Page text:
Bumpy Ride: IDF’s Petty Intimidation Tactics

January 7, 2012 West Bank

An apprehensive traveler in the West Bank would be worried about getting shot, blown up or hit by a rock thrown through the windshield. Not being apprehensive, I don’t tend to fret about those scenarios, but an experience last Friday has put something new on the top of my list fo survival concerns: getting a ticket for not wearing a seat belt.

At the time the IDF handed out the ticket, I just happened to be riding in a car driven by Hagit Ofran, of Peace Now, and we just coincidentally were heading for a protest in the village of Kafr ad-Dik. As we approached the entrance to the village, several IDF and border police vehicles blocked our way, and the soldiers asked us to pull over. The charge would be failure to wear seat belts. Hagit was the driver and was actually wearing her belt, but the other three people in the car weren’t (the passengers including camera man Michael Lew, a Peace Now staffer, and me).

The IDF took our IDs and told us to wait. The actual ticket issuing authority, a police man of some kind, was not on site, and we needed to wait until they came. It was an obvious intimidation tactic. We waited for about half an hour, 45 minutes for the traffic cop arrived. Hagit ended up with a 250 shekel fine.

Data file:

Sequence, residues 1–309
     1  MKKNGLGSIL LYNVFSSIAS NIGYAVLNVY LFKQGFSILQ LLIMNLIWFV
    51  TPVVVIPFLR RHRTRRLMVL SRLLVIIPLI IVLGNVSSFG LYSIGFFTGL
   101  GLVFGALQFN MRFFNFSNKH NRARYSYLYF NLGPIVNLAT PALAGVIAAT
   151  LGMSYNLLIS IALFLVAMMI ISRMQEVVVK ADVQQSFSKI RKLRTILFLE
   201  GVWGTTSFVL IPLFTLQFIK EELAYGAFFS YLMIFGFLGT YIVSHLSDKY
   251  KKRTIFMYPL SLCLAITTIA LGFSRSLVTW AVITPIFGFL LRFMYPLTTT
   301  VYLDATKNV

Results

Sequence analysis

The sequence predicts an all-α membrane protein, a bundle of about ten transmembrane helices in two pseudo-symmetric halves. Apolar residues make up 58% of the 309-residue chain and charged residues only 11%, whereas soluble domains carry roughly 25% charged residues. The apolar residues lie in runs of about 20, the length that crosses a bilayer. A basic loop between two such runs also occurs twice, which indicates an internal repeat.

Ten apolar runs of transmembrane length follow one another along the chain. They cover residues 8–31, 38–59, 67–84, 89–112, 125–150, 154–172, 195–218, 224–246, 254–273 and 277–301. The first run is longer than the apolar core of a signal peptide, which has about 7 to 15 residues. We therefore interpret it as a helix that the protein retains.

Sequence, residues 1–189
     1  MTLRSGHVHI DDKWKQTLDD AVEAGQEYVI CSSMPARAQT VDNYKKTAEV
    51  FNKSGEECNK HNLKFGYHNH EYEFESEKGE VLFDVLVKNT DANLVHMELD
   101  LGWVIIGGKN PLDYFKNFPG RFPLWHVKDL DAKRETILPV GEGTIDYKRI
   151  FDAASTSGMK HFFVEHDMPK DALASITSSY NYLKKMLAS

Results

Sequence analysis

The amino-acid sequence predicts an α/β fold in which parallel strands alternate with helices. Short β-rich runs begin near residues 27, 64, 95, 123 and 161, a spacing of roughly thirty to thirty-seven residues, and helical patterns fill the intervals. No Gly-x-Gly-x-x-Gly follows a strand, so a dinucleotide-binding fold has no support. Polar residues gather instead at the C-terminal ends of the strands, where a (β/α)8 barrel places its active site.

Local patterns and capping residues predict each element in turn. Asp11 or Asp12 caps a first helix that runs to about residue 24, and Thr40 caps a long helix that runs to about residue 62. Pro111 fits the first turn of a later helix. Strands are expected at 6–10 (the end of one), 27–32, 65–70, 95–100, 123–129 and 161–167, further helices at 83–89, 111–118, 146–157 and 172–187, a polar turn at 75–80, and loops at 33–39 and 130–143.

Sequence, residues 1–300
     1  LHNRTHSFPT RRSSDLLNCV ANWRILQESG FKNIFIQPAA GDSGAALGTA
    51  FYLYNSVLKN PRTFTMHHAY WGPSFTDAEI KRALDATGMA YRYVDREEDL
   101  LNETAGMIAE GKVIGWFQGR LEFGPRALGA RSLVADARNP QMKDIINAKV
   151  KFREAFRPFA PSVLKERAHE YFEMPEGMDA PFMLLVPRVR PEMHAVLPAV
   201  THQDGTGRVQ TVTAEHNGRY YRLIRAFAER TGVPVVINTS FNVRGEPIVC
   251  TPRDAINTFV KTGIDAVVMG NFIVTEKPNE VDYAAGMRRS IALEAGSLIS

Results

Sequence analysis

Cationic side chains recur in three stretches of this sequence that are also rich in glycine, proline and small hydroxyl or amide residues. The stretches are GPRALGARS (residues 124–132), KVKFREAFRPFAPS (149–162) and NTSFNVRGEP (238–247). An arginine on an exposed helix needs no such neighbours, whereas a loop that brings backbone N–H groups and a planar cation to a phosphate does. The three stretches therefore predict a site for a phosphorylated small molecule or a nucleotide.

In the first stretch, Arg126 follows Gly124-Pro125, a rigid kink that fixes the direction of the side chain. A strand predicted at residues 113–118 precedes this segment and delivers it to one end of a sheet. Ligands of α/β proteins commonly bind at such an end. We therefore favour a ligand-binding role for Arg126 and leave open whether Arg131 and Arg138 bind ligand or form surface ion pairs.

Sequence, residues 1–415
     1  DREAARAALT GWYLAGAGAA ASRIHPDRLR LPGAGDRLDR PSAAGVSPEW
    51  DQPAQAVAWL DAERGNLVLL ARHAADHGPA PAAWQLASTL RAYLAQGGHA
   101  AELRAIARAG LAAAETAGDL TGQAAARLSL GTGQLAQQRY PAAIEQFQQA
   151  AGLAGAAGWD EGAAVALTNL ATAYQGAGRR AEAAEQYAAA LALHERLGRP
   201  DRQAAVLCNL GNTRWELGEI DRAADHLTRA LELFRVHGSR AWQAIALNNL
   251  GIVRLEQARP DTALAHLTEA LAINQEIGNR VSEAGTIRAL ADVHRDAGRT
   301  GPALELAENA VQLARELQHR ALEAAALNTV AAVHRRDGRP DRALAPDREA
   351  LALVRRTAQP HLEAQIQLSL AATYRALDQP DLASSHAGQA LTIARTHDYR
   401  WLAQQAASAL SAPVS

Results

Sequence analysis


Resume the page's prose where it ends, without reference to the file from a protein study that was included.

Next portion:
We continued onto the demonstration. Kfar ad-Dik is just getting staring with a weekly protest, trying to follow the example of Bil’in, Ni’lin, Nabi Saleh and others. Hagit told me that she generally does not go to these demonstrations — the protests are clashes with the Israeli army, and Peace Now is not against the Israeli Army. Hagit’s position is that Peace Now is actually strongly pro-Israel, and that it is the settlements that are not truly in Israel’s best interests.

The protest had already started by the time we arrived. About a hundred people were skirmishing against some soldiers who had taken up a position of the highway. There was rock throwing and the IDF was firing tear gas and firing loudly into the air, supposedly live ammunition. Hagit went with one woman who said that one of the bullets had come through her window.

Earlier in the day, we stopped at Jinsafut, a Palestinian village near Ramat Gilad, a controversial “outpost.” A couple of weeks ago Ramat Gilad was saved from a court-ordered evacuation when the settlers there agreed to move several structures there off of private Palestinian land and onto land that is considered “state land.”

People in Jansafut had called Hagit to tell her that in the process of fulfilling that order, a bulldozer in Ramat Gilad was dumping dirt and rocks from the settlement onto Palestinian land belonging to people in Jinsafut, destroying olive trees in the process.